Thursday, February 5, 2015


" Roozie"

Superhero comics for kids – you remember those, right? In the decades before superhero comics became the sole domain of cranky middle managers on the verge of dotage? – tended to swing one of two ways when depicting their audience-aged characters within their books pages. On the one hand, you had kid superheroes like Robin, Bucky, the Star Spangled Kid, Superboy and the lot who were, basically, indistinguishable from their adult counterparts in personality, banter and drive.

On the other hand, you had teen superheroes who were meant to embody the hep slang and gear youth culture of the time – or at least as far as the middle-aged authors and artists could approximate. It’s from this latter category that you draw Campy Champ, the Terrific Teen!

Debuting and bowing in Spyman No.3 (or, more accurately, I should call it “Top Secret Adventures featuring Spyman No.3” I guess, or not, I don’t care) way back in 1967, Campy Champ is secretly Kevin something-or-another, an un-surnamed sad sack who’s a no-go with the girls- specifically his intended inamorata Chikkie.

Our, uh ... hero?
Turned down for a date, Kevin drowns his sorrows in soda pop and the soothing spinning of pop platters – but wait! Apparently Kevin’s preferred groove is a magical stack of vinyl! Or something! Again, it’s not explained, but to the lyrical crooning of the magic words “Campoooozzzzzi Woooooozzzzzy,” Kevin is absorbed into the spinning disc! “I’m melting or something … spinning around with the record” he contemplates, seemingly unconcerned. “Am I turning into dough or cheese or taffy or what?”

Well, that’s not really how they make cheese, buddy. In fact, Kevin’s turning into the purple-bedecked Campy Champ, a longhair-hero who seems to derive his powers from a conveniently labeled “Disko Trique Super-Science Belt” strapped around his waist.

It’s hard to decide what’s more questionable in the Campy Champ mythology – his raison d’etre or lingua franca. Existing in a universe where “Camp” is a catchall phrase for good things (bad things, it turns out, are merely “damp camp”), Campy Champ’s sole efforts as a superhero-type is to sabotage Chikkie’s date with the hot rod-riding Harry Campbell (I think that’s Pete Campbell’s brother on Mad Men, someone look that up for me). Moreso, Campy accomplishes this by using his tremendous powers to progressively destroy Harry’s car and then abduct Chikkie for an impromptu (unsuccessful) date. So. More of a villain really, I guess.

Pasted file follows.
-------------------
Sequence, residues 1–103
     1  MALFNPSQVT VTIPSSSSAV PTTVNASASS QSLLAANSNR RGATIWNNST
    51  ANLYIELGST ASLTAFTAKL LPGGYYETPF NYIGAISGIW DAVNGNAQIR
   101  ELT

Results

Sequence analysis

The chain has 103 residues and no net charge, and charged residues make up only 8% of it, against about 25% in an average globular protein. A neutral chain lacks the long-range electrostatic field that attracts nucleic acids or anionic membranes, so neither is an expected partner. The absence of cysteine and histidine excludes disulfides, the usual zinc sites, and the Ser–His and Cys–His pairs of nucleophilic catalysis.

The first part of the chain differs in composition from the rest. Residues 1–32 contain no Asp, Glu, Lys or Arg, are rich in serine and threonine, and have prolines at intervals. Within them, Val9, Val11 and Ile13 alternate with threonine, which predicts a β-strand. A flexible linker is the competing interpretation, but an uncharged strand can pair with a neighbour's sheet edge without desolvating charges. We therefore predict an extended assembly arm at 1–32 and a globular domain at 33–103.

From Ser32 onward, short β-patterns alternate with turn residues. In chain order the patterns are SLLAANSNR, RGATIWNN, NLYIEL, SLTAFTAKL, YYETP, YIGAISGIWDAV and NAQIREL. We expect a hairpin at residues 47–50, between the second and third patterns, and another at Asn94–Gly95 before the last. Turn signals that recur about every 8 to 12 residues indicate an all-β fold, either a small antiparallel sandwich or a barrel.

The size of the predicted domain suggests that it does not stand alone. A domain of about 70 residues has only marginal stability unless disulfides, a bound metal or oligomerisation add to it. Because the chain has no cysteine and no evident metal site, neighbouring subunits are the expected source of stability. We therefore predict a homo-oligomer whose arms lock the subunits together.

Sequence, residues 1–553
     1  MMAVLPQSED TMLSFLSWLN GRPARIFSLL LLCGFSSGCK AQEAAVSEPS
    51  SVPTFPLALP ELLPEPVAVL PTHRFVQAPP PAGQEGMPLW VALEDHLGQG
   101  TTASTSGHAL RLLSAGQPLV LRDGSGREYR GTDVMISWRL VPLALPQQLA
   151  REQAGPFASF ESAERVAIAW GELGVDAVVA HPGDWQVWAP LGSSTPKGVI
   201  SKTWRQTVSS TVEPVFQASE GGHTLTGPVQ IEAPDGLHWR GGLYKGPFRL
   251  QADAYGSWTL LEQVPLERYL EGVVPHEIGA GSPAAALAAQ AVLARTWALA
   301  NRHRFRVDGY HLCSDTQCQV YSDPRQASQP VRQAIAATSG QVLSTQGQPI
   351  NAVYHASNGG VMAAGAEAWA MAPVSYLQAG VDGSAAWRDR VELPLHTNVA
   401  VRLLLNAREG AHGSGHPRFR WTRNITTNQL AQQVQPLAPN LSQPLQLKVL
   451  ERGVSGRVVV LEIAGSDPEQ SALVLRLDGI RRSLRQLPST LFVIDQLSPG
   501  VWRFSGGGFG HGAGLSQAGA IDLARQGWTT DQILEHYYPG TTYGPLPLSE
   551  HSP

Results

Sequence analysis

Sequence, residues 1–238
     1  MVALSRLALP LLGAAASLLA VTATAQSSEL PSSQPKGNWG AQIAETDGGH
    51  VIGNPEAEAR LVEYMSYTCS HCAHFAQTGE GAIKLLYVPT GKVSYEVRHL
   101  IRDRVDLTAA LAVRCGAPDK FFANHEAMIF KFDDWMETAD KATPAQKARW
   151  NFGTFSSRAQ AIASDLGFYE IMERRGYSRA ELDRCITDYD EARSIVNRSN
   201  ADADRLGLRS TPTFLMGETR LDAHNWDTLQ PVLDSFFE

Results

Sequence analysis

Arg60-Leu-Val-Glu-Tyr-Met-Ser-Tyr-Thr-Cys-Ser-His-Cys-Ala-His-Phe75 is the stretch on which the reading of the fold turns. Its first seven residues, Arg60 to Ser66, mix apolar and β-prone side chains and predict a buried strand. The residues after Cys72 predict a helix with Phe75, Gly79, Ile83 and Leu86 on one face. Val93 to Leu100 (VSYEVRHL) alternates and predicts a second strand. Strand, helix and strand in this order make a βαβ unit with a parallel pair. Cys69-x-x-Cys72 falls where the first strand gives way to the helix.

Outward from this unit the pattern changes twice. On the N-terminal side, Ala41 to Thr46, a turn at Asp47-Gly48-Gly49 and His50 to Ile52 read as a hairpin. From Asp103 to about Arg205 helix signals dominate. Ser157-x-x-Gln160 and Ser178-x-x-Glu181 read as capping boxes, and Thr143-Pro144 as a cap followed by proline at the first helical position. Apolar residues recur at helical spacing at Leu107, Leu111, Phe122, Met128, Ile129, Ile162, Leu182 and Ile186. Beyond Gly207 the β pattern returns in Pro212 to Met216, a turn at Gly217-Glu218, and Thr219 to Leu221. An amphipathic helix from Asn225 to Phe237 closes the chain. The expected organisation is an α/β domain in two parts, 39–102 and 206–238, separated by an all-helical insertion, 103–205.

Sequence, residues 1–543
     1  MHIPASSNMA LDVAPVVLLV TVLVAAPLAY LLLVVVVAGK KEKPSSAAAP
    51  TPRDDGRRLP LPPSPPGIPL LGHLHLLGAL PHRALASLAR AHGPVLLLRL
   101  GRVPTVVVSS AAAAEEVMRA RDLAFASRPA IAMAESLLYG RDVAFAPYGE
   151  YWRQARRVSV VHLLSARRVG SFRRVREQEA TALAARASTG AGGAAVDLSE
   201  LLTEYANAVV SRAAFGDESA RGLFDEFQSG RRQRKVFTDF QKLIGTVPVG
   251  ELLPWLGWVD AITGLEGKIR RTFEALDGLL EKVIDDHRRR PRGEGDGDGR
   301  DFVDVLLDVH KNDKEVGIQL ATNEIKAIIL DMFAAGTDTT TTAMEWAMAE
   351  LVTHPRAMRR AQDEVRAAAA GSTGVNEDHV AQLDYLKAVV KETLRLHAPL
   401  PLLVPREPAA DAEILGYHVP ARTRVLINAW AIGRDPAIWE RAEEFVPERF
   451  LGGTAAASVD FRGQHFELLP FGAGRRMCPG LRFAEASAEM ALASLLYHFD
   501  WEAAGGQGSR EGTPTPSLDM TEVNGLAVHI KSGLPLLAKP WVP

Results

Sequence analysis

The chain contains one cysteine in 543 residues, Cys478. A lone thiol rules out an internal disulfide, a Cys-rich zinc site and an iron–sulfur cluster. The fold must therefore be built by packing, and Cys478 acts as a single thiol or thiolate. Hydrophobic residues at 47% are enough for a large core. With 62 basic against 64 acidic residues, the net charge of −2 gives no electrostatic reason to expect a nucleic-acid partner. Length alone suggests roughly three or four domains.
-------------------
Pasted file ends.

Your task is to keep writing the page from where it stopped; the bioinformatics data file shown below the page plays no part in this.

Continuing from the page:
Campy Champ bows out after a single appearance, which is probably for the best since all he did the first time around was wreck property and disappoint the ladies which, frankly, most of us can do without a magic record.

1 comment:

James W. Fry 3.0 said...

I love it when you come up with something even I never heard of, and CAMPY CHAMP is certainly that(for one thing, I didn't know there'd been a third issue of SPYMAN! Damn!. This brings back memories---the kind that make your blood freeze solid and your hair turn white. I've been exposed to a lot of truly awful shit in my life---ritual Amway cults, gaming conventions, ten thousand nuns and orphans eaten by rats (great jam!)--- but nothing as groin-grabbingly dreadful as '60s comics featuring youth culture as written by middle-aged white guys! The jargon! My God, the JARGON!!! Someday, someone ought to write a scholarly treatise on the phenomenon, but it'll have to be a stronger man than I! For the time being, I'm content to imagine the parallel universe in which CAMPY CHAMP shared a monthly team-up book with DC's SUPER-HIP! And in the '70s it was adapted into a weekly buddy-cop show on ABC....

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